Preparing an original steel-bodied hot rod for paint is a big job. If it served time as a jalopy racer, as my '32 five-window did, it's going to be an even bigger job. Once I had the old Ford body beat back in shape, I took it to the Spade Brothers' custom paint shop in Huntington Beach, California, and started the sanding process.
After some filling and sanding with coarse sandpaper was done, the first fill-primer was sprayed and things got a little easier. I went over the body several times, starting with coarse 80-grit paper, and worked my way up through 150-grit, 220-grit, and finally 320-grit (using dry paper equaled 400-grit wet paper). If you're planning on shooting metalflake as I was, make sure all the gaps around the doors, trunk, etc., are at a max-imum, because the 'flake and all the clearcoats builds up in thickness.
Once we got to 220-grit paper, we weren't making things much straighter, but we still used a guide-coat, which makes it easier to see that everything was sanded. The coupe was sanded once more using 320-grit paper and then given a last fine work-over with Scotch-Brite, which is like 600-grit paper, before it was rolled into the paint booth.
These days, you almost need to be a chemical engineer to understand all of the paint that is used. To simplify matters, we used all the products from one manufacturer, PPG, which makes it easier to avoid mistakes by mixing different brands.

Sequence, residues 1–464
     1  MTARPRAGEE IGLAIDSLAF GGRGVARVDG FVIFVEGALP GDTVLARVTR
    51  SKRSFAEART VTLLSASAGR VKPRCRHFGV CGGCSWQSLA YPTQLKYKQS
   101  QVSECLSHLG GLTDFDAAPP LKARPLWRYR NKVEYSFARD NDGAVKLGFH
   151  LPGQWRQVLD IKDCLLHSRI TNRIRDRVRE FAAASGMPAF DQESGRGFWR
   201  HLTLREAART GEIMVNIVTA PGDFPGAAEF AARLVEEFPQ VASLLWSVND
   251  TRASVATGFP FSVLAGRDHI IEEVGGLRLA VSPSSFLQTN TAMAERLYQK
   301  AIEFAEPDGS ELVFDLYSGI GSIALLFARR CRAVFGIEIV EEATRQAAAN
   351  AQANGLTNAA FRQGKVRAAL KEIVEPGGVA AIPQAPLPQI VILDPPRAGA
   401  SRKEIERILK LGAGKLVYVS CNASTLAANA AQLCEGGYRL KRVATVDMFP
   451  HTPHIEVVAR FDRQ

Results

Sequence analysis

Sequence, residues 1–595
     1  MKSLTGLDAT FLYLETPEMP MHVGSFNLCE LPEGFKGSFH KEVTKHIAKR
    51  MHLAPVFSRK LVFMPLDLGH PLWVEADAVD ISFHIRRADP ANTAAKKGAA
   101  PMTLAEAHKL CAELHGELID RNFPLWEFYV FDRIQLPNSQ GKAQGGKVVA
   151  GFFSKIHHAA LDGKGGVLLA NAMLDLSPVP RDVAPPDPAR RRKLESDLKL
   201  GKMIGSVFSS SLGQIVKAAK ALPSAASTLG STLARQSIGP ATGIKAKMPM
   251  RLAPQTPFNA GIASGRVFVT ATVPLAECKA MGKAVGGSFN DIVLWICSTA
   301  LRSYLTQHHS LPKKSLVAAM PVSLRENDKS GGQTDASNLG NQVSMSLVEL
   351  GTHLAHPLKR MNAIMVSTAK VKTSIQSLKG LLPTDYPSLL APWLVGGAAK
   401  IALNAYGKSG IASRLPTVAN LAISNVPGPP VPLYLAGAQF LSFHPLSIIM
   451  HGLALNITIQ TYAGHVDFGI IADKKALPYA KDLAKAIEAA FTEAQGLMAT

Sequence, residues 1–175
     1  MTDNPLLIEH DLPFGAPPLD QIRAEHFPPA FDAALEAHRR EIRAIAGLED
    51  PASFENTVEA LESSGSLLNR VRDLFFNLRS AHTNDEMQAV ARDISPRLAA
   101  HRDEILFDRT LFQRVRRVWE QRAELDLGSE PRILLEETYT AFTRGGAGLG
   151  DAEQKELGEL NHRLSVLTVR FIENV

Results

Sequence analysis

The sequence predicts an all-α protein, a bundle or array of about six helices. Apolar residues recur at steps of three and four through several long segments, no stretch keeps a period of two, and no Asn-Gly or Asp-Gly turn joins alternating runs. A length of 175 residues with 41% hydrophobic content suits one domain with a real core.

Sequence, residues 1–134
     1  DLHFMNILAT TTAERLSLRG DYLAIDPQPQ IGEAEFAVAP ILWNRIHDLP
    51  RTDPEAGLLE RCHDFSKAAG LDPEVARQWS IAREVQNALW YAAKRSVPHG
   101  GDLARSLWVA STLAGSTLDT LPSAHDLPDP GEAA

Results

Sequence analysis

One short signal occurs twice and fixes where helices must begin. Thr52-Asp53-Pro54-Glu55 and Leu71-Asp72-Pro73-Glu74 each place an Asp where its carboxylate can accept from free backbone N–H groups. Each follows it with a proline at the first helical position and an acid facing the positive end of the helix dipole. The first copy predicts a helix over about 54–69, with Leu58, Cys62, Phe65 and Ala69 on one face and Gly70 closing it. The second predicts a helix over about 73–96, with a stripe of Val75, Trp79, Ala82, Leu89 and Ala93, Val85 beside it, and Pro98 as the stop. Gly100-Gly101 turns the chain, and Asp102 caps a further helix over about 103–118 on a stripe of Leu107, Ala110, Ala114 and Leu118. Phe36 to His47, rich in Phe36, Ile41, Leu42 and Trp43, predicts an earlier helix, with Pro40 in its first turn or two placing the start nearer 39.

We planned for a dark red or maroon Roth 'flake for the car color, which is not on the regular color chart, so it had to be mixed. "Uncle-Bob" Spina, a Roth 'flake expert, gave us a hand with some test spraying. It's not easy to get the 'flake itself mixed to the right color, so we took the easier way to get it done, using candy on top of silver 'flake. Shaun Spade then sprayed a black PPG base color, which made it easier to see when the 'flake fully covered all parts of the body. Shaun layed down six layers of the Roth 'flake to get a satisfying final result, and then a few more layers of PPG clear were sprayed to top it off before it was baked in the booth.
After the clear had been given a couple of days to harden, it was wet-sanded to smooth it out. It was then time for the final color-the red PPG candy-and more layers of clear. The result was stunning, and better than I could have imagined. It looks like something you would hang on your Christmas tree. All the hard work is starting to pay off; I can't wait to get it all assembled and on the road. Stay tuned.